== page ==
For Indians, a large part of the nationalist identity constitutes of the image of a landmass bound by a borderline of length 15107 km and an image of it shown over and over again in every form, from textbook to flags to banners and pamphlets. Interestingly, almost half of the border is coastline, a massive span of 7517 km. Bay of Bengal to the east and Arabian sea to the west.
Unlike the imaginary lines dissecting actual landmass between nations, the coastline serves as the natural border and also provide livelihood for millions of Indians. There are no troops on this border, just a lot of people living their daily lives.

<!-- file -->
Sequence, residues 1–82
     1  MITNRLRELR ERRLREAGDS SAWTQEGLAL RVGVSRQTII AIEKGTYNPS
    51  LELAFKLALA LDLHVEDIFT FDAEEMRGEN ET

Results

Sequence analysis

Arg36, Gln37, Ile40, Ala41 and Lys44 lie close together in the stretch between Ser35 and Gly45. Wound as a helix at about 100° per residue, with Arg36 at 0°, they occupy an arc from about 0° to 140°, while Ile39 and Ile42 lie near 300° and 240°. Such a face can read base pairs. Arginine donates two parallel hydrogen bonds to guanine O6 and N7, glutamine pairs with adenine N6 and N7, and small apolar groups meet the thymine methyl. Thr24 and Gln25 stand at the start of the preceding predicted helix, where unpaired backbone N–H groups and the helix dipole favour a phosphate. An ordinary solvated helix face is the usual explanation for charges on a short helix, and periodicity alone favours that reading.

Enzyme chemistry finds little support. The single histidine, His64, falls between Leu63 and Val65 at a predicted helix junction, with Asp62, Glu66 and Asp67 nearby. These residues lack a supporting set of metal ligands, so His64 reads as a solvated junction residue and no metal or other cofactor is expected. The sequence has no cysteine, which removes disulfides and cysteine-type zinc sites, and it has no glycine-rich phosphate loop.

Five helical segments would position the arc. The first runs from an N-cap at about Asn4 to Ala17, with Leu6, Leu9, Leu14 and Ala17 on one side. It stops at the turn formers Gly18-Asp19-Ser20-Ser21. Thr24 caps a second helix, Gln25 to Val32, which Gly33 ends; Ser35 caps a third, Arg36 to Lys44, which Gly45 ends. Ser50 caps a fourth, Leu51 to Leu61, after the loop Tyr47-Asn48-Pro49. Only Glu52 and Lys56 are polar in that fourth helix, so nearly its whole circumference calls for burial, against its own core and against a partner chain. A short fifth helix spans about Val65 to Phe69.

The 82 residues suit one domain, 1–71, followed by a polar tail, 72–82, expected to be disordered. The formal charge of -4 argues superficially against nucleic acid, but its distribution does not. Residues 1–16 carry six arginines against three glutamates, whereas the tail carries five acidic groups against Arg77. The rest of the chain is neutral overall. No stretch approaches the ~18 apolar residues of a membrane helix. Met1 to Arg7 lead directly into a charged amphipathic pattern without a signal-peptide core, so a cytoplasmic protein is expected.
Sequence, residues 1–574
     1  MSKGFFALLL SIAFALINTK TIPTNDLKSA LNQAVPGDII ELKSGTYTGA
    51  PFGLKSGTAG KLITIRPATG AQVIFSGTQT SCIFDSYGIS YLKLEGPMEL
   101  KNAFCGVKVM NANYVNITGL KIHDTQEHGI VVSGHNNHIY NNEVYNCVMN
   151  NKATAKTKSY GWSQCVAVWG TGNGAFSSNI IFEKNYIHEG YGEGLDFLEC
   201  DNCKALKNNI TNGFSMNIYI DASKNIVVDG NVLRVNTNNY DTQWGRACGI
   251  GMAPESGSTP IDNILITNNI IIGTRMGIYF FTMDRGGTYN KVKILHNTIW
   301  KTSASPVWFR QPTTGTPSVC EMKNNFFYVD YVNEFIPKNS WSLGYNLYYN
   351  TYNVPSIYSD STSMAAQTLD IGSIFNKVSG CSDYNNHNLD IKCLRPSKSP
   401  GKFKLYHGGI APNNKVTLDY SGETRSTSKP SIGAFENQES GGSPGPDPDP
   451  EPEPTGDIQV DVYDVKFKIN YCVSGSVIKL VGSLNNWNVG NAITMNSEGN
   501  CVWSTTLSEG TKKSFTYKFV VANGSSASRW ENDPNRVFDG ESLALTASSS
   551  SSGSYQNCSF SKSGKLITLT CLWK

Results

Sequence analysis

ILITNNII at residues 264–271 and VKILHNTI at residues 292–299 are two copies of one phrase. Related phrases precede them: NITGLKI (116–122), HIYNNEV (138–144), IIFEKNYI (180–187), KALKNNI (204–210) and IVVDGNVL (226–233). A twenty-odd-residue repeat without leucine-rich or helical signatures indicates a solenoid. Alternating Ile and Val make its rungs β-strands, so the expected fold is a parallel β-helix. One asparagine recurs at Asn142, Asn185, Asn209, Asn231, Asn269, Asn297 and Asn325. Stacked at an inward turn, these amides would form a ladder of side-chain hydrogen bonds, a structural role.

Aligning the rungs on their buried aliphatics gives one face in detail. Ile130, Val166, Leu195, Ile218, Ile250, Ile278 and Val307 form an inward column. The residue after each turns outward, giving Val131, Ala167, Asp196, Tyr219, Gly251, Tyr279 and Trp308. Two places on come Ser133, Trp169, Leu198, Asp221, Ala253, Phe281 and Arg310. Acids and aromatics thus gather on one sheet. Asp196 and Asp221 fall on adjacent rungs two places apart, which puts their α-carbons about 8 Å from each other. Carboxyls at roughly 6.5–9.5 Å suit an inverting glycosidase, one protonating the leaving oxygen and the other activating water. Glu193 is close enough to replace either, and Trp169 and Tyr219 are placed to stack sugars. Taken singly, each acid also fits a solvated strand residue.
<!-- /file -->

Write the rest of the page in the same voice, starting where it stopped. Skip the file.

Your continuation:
I am very interested in this relationship between the sea and the people. So I set out to explore this relationship through images. This is the first installment of hopefully many that I will try to cover during an extended period of time. The posts are going to be sporadic and spaced out in no particular order or timeline.
Chapter 1: Bakkhali
The journey starts at Bakkhali, a small hamlet located just beside the delta region of Bay of Bengal, separated from the mainland by the river Hatania-Doania. A mere 125 km from Kolata, it is a far cry from the bustles of the metro city. The beach serves as the lifeline for most of its inhabitants as tourism is the main business here.
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